Pyne observed almost 20 years ago that space exploration was “not yet fully in sync” with its cultural environment. Modern (seventeenth - to twentieth-century) Western (European-American) exploration functioned as “a means of knowing, of creating commercial empires, of outmaneuvering political economic, religious, and military competitors — it was war, diplomacy, proselytizing, scholarship, and trade by other means.” But the postmodern exploration of space is different. outer space is not simply an extension of earth and the era of space exploration is not simply an extension of the modern era of transoceanic and transcontinental exploration. Its cultural context is different. The modern phenomenon of spaceflight has outlived the modern era and its purpose is not clear in a postmodern or even post-postmodern world, characterized by uncertainty, subjectivity, deconstruction, and a rejection of so-called master narratives such as the story of frontier conquest. The moral imperative of the myth of pioneering the space frontier could be interpreted as a narrative that is in tune with its postmodern cultural environment in the sense that it conveys the values of the dominant social order—that is, what communication scholar herb Schiller has called “the transnational corporate business order” and its ideology of private property ownership, resource exploitation and profit building.

Of course, the idea of the human colonization of space is not publicly compelling in the current cultural environment. Poet Wendell Berry has addressed this dilemma:

"The [space colonization] project is an ideal solution to the moral dilemma of all those in this society who cannot face the necessities of meaningful change. It is superbly attuned to the wishes of the corporation executives, bureaucrats, militarists, political operators, and scientific experts who are the chief beneficiaries of the forces that have produced our crisis . . . .

If it should be implemented, it will be the rebirth of the idea of progress with all its old lust for unrestrained expansion, its totalitarian concentrations of energy and wealth, its obliviousness to the concerns of character and community, its exclusive reliance on technical and economic criteria,its disinterest in consequence, its contempt for human value, its compulsive salesmanship."

The sales pitch for space colonization goes this way, according to Berry:

"If we will just have the good sense to spend one hundred billion dollars on a space colony, we will thereby produce more money and more jobs, raise the standard of living, help the underdeveloped, increase freedom and opportunity, fulfill the deeper needs of the human spirit etc. etc. . . . anyone who has listened to the arguments of the army corps of engineers, the strip miners, the defense department or any club of boosters will find all this dishearteningly familiar."

Visions of the human colonization of space present a “moral law of the frontier” that is disturbing, Berry concludes: this law is that “humans are destructive in proportion to their supposition of abundance; if they are faced with an infinite abundance, then they will become infinitely destructive.”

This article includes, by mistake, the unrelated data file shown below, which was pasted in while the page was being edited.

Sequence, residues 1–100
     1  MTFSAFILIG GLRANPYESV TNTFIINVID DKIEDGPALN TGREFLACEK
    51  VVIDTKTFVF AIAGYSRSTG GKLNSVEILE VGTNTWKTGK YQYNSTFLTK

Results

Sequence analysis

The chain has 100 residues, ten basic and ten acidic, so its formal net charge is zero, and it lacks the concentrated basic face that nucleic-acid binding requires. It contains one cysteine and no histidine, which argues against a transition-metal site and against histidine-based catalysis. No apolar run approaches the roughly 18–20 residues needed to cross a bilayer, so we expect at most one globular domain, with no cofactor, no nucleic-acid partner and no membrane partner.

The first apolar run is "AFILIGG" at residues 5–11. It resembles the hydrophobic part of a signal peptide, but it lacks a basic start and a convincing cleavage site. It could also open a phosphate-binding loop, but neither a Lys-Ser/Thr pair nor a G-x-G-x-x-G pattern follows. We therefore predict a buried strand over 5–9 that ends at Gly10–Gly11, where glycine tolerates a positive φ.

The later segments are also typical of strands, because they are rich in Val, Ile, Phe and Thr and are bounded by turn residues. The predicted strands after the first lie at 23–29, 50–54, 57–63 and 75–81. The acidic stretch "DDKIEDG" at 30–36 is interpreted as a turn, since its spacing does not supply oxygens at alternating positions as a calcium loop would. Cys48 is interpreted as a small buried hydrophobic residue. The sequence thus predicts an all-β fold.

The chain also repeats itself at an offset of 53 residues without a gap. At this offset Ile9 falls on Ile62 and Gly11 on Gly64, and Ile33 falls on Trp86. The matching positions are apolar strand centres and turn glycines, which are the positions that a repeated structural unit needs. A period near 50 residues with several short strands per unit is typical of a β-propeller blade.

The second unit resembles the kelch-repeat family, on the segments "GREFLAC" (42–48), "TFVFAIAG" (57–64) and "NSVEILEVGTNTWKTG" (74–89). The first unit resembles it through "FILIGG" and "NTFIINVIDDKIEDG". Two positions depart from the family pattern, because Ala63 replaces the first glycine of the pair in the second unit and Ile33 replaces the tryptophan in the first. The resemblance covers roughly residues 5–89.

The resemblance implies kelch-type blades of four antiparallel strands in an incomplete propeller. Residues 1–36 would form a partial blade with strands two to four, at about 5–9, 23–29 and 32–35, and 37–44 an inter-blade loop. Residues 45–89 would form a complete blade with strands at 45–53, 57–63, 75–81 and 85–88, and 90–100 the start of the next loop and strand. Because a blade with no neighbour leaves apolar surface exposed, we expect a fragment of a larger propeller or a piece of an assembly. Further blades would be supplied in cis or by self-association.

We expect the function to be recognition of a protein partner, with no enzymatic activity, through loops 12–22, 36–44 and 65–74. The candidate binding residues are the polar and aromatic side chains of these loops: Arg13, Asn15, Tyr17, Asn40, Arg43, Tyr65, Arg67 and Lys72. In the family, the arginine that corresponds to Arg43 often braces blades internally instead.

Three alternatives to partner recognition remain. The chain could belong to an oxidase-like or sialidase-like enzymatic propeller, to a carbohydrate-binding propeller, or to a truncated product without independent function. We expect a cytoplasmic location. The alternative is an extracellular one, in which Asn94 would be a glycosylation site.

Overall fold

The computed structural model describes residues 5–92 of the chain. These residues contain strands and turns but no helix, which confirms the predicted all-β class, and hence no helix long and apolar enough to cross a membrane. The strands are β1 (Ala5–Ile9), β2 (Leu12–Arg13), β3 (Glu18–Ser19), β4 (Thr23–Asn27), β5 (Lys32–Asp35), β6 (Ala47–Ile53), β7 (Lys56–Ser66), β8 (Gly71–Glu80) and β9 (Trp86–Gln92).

Berry wrote his essay about the downside of space colonization in the 1970s. But his views are not necessarily out of date. Environmentalists might argue today that the case Berry made against space colonization is even more relevant today than it was in the 1970s.

In order to survive as a cultural institution, spaceflight needs an ideology. It needs to have some connection to widely held beliefs. It needs a role in a cultural narrative. But as Pyne has noted, “locating exploration in the human gene or in the human spirit” and not in specific cultures is not viable. Continued reliance on this narrative “only absolves us from making those vital, deliberate choices” we inevitably have to make — about how we should proceed into space, and what values space exploration should embody.“ These choices,” Pyne has said, “are not intuitive.” As a cultural institution, space exploration “has to speak to deeper longings and fears and folk identities.” It “is not merely an expression of curiosity but involves the encounter with a world beyond our ken that challenges our sense of who we are. It is a moral act . . . more than adventuring, more than entertainment, more than inquisitiveness.” It has to explain “who a people are and how they should behave.” And in the current cultural environment, as Pyne has observed, space exploration “will have to base its claim to legitimacy on transnational or ecumenical values.”

Unlike the Western American frontier, as Janice Hocker rushing has pointed out, space is too big to be conquered. The recent focus of space exploration on the search for evidence of extraterrestrial life is a product, she has said, of a widespread understanding that humankind exists in a universe, not only on planet earth. The narrative of space exploration today might better reflect this understanding by telling a story of “a spiritual humbling of self” rather than “an imperialistic grabbing of territory.”

Although she has noted that “the WASP space cowboy version of spaceflight” has persisted from the Apollo era into the present, Constance Penley also has observed that NASA “is still the most popular point of reference for utopian ideas of collective progress.” In the popular imagination,“ NASA continues to represent ...perseverance, cooperation, creativity and vision,” and these meanings embedded in the narrative of spaceflight “can still be mobilized to rejuvenate the near-moribund idea of a future toward which dedicated people . . . could work together for the common good.”